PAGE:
Ryan Braun was suspended without pay for the rest of the season and the postseason Monday in the first penalty following MLB’s investigation of the Florida clinic accused of distributing performance-enhancing drugs.
The game belongs to the players, coaches, managers and owners. If they want it clean, they have the power to make it so, even if it becomes extremely uncomfortable for the guilty few. They need only to come together and get it done.
The baseball players’ association says any suspensions resulting from the sport’s latest drug investigation likely won’t be served until next year if the discipline is challenged before an arbitrator.
The head of the baseball players’ union is criticizing leaks to the media about whether players are cooperating with a drug investigation by the commissioner’s office.
As the sport presents the bad guys to you via suspensions over the next few months, don’t forget the folks who oversaw the actions in the past and did nothing until it was too late.
Everyone seems sure that Anthony Bosch will just show up and testify. How can this be? Why would Bosch incriminate himself?
Meanwhile, Commissioner Bud Selig said MLB’s “very comprehensive” probe proves that baseball has the toughest drug policy in professional sports.
Alex Rodriguez is the best and worst of sports, with a hearty helping of the latter for the last decade. The conversation becomes gratuitous, redundant, ridiculous. But we must. Because he won’t let us leave him alone.
Before agreeing to cooperate with MLB’s investigation, Biogenesis operator Anthony Bosch asked for six-figure “financial help” from Alex Rodriguez, according to the New York Daily News.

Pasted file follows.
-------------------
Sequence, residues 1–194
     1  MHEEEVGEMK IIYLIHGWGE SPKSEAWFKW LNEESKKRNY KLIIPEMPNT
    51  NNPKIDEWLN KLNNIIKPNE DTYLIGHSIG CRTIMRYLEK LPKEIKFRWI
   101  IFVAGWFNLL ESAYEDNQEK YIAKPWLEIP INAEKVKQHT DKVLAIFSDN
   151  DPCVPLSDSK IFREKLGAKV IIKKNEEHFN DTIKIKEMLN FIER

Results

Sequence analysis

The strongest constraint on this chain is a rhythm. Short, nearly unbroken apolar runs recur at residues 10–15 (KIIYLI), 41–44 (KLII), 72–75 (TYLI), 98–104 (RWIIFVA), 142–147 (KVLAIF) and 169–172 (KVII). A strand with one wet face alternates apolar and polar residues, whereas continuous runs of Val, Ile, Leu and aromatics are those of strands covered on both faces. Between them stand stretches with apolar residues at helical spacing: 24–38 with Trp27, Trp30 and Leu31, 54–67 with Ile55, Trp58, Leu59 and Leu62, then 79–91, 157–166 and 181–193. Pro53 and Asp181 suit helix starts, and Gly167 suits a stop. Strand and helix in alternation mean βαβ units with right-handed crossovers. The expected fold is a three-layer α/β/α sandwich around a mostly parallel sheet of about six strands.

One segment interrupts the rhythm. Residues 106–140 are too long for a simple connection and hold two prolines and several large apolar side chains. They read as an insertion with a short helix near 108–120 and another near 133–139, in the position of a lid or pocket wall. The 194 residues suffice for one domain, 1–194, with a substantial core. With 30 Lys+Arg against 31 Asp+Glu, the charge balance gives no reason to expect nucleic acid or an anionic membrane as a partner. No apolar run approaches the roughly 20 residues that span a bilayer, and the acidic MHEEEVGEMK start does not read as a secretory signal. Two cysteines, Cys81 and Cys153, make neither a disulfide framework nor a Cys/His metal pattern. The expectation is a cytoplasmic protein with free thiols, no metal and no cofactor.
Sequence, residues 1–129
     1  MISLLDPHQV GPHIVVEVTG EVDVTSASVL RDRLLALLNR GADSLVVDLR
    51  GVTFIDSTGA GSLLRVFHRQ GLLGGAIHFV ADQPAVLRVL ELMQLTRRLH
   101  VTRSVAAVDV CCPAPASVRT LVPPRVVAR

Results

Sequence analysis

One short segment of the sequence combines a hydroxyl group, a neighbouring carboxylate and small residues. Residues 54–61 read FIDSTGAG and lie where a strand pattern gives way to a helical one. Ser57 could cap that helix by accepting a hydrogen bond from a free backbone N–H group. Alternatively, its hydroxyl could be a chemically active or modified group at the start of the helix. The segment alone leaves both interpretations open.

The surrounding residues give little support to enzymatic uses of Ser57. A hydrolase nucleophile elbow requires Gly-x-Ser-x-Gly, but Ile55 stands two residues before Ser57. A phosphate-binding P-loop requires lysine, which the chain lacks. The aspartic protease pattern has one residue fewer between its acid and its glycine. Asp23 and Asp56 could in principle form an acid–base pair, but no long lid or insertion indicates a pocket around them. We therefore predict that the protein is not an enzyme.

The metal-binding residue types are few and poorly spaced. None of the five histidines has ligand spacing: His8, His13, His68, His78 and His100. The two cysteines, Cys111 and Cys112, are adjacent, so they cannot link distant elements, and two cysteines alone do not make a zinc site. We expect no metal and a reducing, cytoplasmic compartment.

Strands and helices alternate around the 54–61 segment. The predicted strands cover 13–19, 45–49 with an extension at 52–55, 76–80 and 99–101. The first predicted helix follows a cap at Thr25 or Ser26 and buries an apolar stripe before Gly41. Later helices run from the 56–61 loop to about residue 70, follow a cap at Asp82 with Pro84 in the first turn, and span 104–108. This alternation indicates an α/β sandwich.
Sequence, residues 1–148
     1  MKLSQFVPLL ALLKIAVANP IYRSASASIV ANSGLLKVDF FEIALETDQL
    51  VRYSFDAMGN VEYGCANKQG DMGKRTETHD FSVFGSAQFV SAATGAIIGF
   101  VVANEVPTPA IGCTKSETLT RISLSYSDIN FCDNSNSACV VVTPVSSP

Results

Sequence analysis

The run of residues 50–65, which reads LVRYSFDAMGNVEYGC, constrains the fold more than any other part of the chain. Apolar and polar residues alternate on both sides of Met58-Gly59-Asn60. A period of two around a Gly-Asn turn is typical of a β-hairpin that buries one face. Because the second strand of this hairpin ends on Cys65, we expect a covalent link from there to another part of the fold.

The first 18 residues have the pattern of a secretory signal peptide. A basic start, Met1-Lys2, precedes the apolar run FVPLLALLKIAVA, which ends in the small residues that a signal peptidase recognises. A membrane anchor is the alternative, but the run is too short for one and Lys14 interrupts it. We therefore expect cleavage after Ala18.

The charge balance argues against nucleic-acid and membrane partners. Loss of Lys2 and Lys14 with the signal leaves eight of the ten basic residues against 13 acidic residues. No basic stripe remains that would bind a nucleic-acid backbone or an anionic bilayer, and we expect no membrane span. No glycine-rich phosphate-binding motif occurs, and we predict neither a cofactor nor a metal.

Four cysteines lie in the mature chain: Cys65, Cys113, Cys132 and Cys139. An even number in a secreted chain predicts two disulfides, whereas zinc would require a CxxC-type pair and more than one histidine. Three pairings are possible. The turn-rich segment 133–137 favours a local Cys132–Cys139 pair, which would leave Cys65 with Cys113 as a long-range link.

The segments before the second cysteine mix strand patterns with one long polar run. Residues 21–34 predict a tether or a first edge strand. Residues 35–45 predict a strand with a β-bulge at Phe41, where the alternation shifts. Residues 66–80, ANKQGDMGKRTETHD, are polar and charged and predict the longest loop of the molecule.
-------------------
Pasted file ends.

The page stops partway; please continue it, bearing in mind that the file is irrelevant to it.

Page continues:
A league executive told CBS News that Anthony Bosch could implicate up to 25 players, including some stars not currently connected to the firestorm.
A-Rod, Ryan Braun & Co. will be questioned by baseball “shortly after the season begins next week,” according to the Daily News.
The Mets’ star was locked in again. Wright drove in five runs, the last three with a bases-loaded double in the eighth. That prompted chants of “U-S-A! U-S-A!” from the crowd of 32,872.
They’ll play in the Far East and the Far West — and in the Caribbean, too. Wherever they are, Miguel Cabrera and R.A. Dickey and dozens of All-Stars in the World Baseball Classic know the team to beat: two-time WBC winner Japan.
A list written in April by Biogenesis of America clinic founder Anthony Bosch named the two Yankees with dollar amounts next to their names, according to an ESPN report.
The drugs are evolving. The conversation must follow suit. It’s time to stop the anger and disappointment that spews everywhere from airwaves to columns to happy hours.